How To Keep Watersheds and Water Quality Healthy With These Tips and Strategies
MERIDIAN TOWNSHIP - With temperatures rising and outdoor activities becoming more frequent and favorable, Cliff Walls, the coordinator for the Greater Lansing Regional Committee for Stormwater Management, gave some strategies and tips on how Meridian residents can keep their watersheds healthy.
In terms of getting your car washed, Walls said the best practice for washing your car is utilizing a commercial car wash facility, especially if you’re going to clean your engine or the bottom of your car.
“A lot of people will typically use their driveway or the road and all the detergent and the grease and oil and grit of your vehicle will flow off the paved surfaces into storm drains which goes directly into our waterways,” Walls said.
However, if you can’t cover the expenses of a car wash facility, Walls said he suggests people check with their local ordinances to see if they can wash their cars on their lawn because the soil and grass will absorb the runoff from your car.
“And if you do it at home, we suggest you use phosphate-free soaps and biodegradable soaps,” Walls said.
Pet waste is also an environmental concern, and Walls said many people don’t recognize it as one because they believe the waste will degrade or decompose.
“It’s high in pathogens like hookworm and salmonella, and actually by weight, has more pathogens per ounce than cow manure,” Walls said. “The waste produced by dogs and cats in the tri-county area is the equivalent of the waste produced by all 50,000 residents of East Lansing.”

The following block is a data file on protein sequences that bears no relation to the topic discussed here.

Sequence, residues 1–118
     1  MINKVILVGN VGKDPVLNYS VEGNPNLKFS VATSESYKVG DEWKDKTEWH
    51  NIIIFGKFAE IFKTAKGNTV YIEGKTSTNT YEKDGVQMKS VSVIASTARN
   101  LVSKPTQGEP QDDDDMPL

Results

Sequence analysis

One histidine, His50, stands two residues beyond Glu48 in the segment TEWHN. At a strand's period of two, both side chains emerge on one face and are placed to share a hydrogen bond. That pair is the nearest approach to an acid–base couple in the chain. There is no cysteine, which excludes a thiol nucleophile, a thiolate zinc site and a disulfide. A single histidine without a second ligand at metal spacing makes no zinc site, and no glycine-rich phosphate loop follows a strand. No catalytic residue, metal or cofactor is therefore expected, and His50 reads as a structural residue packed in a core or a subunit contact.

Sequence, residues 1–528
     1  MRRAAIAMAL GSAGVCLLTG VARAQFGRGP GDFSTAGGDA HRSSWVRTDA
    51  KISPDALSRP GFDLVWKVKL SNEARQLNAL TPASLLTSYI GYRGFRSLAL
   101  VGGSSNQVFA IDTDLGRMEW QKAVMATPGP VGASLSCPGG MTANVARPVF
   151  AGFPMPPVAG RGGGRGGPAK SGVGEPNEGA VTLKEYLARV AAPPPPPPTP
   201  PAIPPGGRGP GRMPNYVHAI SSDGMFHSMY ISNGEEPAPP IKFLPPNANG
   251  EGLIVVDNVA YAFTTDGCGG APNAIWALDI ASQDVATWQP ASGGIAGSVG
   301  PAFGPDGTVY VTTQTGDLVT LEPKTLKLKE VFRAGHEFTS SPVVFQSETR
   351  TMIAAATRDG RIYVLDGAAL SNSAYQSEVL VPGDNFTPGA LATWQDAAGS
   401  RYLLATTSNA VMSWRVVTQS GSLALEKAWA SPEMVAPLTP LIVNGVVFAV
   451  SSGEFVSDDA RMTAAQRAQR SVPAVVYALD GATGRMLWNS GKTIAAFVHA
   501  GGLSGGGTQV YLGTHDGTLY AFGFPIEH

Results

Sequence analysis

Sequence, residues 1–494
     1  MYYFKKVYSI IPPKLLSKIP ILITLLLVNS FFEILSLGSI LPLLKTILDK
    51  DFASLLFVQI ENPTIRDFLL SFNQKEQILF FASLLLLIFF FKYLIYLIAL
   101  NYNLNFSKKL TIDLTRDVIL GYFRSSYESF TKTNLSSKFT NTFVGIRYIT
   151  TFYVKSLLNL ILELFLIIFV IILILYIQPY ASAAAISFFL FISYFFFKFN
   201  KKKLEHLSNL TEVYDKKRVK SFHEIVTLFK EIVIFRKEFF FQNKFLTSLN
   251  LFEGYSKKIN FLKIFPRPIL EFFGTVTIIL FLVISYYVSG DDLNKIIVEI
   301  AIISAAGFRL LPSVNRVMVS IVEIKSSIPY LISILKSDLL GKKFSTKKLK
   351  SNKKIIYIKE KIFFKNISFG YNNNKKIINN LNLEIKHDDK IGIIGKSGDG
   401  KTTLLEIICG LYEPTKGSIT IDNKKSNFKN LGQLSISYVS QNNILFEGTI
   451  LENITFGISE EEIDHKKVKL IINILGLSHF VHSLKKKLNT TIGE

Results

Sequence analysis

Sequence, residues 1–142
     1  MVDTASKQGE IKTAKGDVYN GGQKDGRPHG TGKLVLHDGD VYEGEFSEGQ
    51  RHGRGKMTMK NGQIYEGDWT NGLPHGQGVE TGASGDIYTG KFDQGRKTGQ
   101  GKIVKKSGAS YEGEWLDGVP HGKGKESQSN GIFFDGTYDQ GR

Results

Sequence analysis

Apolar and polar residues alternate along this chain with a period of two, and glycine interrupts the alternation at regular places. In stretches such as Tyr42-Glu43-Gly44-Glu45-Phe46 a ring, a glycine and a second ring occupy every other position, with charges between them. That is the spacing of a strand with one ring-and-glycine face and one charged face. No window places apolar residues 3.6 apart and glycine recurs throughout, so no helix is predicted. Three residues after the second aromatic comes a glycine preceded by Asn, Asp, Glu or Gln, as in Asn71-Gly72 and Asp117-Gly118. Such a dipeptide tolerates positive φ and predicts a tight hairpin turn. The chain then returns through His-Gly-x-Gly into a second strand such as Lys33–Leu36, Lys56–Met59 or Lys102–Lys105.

Walls said when pet waste is left on lawns or in parks and it rains, the bacteria and pathogens in pet waste will runoff into storm drains that go directly into our waterways. He said isolating waste to your lawn or parks has a downstream impact on water quality that affects not only the tri-county area, but places all over Michigan.
“It’s an environmental issue that doesn’t stay at home,” Walls said.
Walls said lawn fertilizers are also contributing to harmful practices in terms of water quality because the chemicals in fertilizer run off your lawn and enter waterways, creating excess growth in aquatic life which can make for an inhabitable environment.
“The best plan of action is to not use them and maybe consider converting your landscape into native plants or more natural landscape and installing plants that are adaptive to our environment and don’t need fertilizer,” Walls said. “But if you must use fertilizer, the timing and the amount of application is very important.”
Walls said if you absolutely need to fertilize your lawn, the best thing you can do is figure out when and how much fertilizer you need to apply by contacting your MSU Extension Office and getting a fertile test.
Walls said there are a variety of resources available to homeowners, residents and businesses on mywatershed.org and tips and strategies on how to maintain your homes and lawns while protecting water sources.
“The best thing is just to be mindful of our actions and understand that our actions on land and our land use within the watershed is impacting a much broader area than our immediate area,” Walls said.